Got DSL?

 

The quest for a DSL line in our apartment nears its end, but is not over yet.  Monday morning a technician from TOT (Telephone of Thailand) came to the apartment complex and switched on our home phone line.  Then on Tuesday afternoon a maintenance man from the complex came to our unit and actually activated the telephone jack itself.  Then this afternoon I attached the DSL modem/router, used the enclosed CD-ROM to format the modem and get ready to actually use the DSL line.

Everything appears to be properly installed and ready to go.  The DSL and LAN lights are on full-strength.  The connection appears live.  And yet, when I open Internet Explorer, the request to go to a particular address times out.  I think the settings (“Obtain IP Address Automatically”) are not correct.  So I’ll ask Tawn to help me sort this out, which may involve a phone call to TOT – a daunting task in and of itself.

Halfway Quiz at ULS

Today was my tenth day of Thai language instruction at Union Language School, the halfway point in Module 1.  So today each of the thirteen students had an oral examination with the khruu, or teacher. 

I selected number ten in a random draw, which may have been somewhat beneficial as khruu Lakkanah realized that she was taking too long for each student and the exams became increasingly brief.  I was in the exam for about five minutes, maybe less.  As each question was asked, if I didn’t have the answer right now then she moved on to the next question.  Kind of like being on the speed round of the $64,000 Pyramid game show.

The general areas of knowledge that we were quizzed on:

  • Being able to name yourself, ask names, and ask for clarification about names
  • Being able to describe how you are doing and ask others the same
  • Being able to ask what things are called, and to respond to the same questions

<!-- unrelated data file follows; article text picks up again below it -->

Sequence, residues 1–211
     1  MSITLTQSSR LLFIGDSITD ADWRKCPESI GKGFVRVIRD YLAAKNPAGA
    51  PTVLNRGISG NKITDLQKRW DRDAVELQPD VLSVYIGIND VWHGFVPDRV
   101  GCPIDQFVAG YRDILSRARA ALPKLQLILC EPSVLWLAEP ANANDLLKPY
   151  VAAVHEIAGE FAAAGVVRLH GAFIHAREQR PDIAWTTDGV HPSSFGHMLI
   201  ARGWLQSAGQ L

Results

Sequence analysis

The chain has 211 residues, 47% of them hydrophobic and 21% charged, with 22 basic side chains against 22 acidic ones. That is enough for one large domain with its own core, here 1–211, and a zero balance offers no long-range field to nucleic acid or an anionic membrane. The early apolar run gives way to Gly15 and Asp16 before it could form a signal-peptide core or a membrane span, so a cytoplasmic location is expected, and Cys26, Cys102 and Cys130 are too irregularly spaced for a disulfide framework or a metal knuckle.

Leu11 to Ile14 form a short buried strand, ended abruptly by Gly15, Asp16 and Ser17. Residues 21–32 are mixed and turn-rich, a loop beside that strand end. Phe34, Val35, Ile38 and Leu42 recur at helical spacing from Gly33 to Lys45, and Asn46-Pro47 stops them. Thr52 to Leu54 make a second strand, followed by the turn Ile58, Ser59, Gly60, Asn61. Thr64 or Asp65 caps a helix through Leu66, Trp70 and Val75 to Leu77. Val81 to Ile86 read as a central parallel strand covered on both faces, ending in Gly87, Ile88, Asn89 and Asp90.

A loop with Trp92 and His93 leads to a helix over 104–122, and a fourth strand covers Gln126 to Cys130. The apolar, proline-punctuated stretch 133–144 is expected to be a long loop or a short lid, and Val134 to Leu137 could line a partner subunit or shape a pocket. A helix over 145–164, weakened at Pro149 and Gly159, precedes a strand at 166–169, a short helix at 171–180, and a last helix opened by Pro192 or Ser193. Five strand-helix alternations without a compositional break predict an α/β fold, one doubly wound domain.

• Being able to identify common colors, classroom objects, eating objects (bowls, plates, utensils), fruits, vegetables, and meat products.
  • Being able to request basic food and beverage items, and to say how many of something you want, using the right classifiers (“glass of water”, “cup of coffee”, “bottle of orange juice”.)

The biggest challenge for me was to remember the fruits and vegetables.  The first challenge is that the fruits and vegetables common here in Thailand are not regularly available in the United States.  Mangosteen, rambutan, and wax apples (those are just the English names – I have to remember “mangkut”, “nhoc”, and “chompuu”) are all terribly commonplace here but I rarely see them at the local Safeway in the US!

Tawn spent quite a bit of time reviewing the foods with me last night.  I drew pictures in a notebook and he quizzed me on them until I had most of them down.  Tomato (“makhuatheet”), papaya (“malahkha”) and fruits in general (“pohlaymaay”) were three of the stumbling blocks.

All in all, I think I did fine with the quiz.  The purpose of the quiz was really to make sure that students are getting the basic concepts, constructions, and pronunciations before we get too far through the class.  The last day we do have a final – oral and written – and passing is mandatory to proceed to the next module.

 

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